Types of Business Funding in South Africa

Updated on 23 May 2024

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types of business funding in South Africa

Many types of business funding exist within South Africa, yet some entrepreneurs are unaware of it. From government funding to investors and using your own funds, it can be difficult to know what type of funding will help your business the most.

Institutions and government entities offer many funding options for qualifying business owners. These options cover that might suit different types of businesses better than others, and can be limited to some industries.

To help small to medium-sized enterprises (SMEs), we’ve compiled a list of funding options that are available to applicants.

Business Funding Through Bootstrapping

Bootstrapping is funding generated from the business owner’s personal savings or credit. Owners who choose this option not only have the funds available to some degree, but they also prefer to stay in control of business decisions. This might sound like a good idea to stay away from other shareholders, but it places a lot of risks on one person. It has the potential to restrict cash flow yet enhances the likelihood of future fundraising when it shows success. The deciding factor of choosing this option will ultimately land on the availability of funds and whether income is sufficiently sustainable to make up for the owner’s savings.

Crowdfunding your Business

In essence, crowdfunding is a method of fundraising from the public. It is usually attempted through websites that were made for setting a fundraising goal, sharing the campaign and giving contributors the opportunity to donate funds. These include Indiegogo, Kickstarter, Thundafund, Back-a- buddy and GoFundMe, to name a few.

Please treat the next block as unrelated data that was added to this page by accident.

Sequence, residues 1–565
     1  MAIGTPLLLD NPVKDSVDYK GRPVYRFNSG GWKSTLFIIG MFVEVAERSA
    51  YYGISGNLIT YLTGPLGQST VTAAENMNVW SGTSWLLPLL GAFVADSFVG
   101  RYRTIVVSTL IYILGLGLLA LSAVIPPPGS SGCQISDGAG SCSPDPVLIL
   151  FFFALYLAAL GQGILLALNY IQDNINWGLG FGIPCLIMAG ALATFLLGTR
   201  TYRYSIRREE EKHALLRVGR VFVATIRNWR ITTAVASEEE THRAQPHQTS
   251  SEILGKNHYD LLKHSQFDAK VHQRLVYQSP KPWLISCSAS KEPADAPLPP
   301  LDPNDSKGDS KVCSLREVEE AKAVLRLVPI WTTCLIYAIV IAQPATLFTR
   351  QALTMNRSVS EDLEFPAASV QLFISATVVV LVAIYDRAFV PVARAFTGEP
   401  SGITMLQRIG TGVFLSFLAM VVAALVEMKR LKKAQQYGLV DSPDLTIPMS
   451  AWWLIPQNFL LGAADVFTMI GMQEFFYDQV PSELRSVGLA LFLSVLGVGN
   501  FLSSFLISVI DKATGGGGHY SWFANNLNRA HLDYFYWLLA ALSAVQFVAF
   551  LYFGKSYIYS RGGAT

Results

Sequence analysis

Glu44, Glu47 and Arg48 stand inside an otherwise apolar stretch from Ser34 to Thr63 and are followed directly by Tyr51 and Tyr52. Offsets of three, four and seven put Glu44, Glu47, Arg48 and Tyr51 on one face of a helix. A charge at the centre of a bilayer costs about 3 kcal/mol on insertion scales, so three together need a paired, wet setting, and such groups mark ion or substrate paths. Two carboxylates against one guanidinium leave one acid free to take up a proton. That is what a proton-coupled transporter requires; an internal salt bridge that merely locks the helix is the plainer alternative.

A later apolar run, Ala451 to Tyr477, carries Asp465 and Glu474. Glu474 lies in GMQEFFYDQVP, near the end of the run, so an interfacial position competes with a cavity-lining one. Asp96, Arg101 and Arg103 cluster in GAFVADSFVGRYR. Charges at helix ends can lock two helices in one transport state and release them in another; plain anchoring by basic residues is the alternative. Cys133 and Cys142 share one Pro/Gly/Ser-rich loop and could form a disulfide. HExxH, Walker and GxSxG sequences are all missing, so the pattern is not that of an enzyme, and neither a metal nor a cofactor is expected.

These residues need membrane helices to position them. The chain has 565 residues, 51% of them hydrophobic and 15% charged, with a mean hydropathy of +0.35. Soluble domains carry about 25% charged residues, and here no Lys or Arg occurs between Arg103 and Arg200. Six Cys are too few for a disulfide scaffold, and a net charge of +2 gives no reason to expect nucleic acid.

In some cases, donations can be incentivised on some sites to make the opportunity to donate more attractive to contributors. However, crowdfunding is a type of business funding that can be risky: The funds you collect might not be enough. Trying to rectify this through marketing campaigns can also negatively impact your final amount due to high advertising costs.

It still remains a good choice thanks to its low barrier of entry.

Business Funding with Investors

For start-up businesses, investors are a good source of business funding. The downside is that the owner(s) need to relinquish a higher percentage of control to the investor. Yet, this can be the ideal fit for a company that is unable to obtain funding from traditional financing sources.

Angel Investors

Also called angels, angel investors are affluent individuals who are willing to invest in a business before it is clearly defined. Beyond bringing capital to the table, angel investors also bring market access, networks and years of experience.

This type of business funding is received in exchange for shares or a repayment agreement can be reached.

Venture Capital Investors

Like other investors, venture capital investors provide business funding in exchange for shares. The owner, therefore, gives up a lot of their own equity.

These investors, whether an individual or a juridic entity, usually get involved with the business after it has been established and has proven that is successful. This means that as the business grows, its access to funding also grows with the opportunity for venture capital investors. It is common practice to give them at least one seat on the board of directors.

Unlike loans, their lack of interest payments can be attractive. However, to build the business to a point where investors are attracted to it takes a considerable amount of time and money.

Seed Funding

Seed funding looks at a business as a little seed that needs to be planted to grow a giant tree that bears fruit. It is an initial investment for a stake in the company. With this funding, the business is able to start and get to a point where it can be showcased to potential larger investors.

The operations it might be used for are getting the business registered, research and development, marketing, and market research.

Accelerators as Business Funding

Often, business incubators and accelerators are used as synonyms. But this is incorrect. Although there are overlapping similarities, these two types of business funding have different approaches to helping small business owners. Even if both of these help your network to grow, how you can leverage them is vastly different.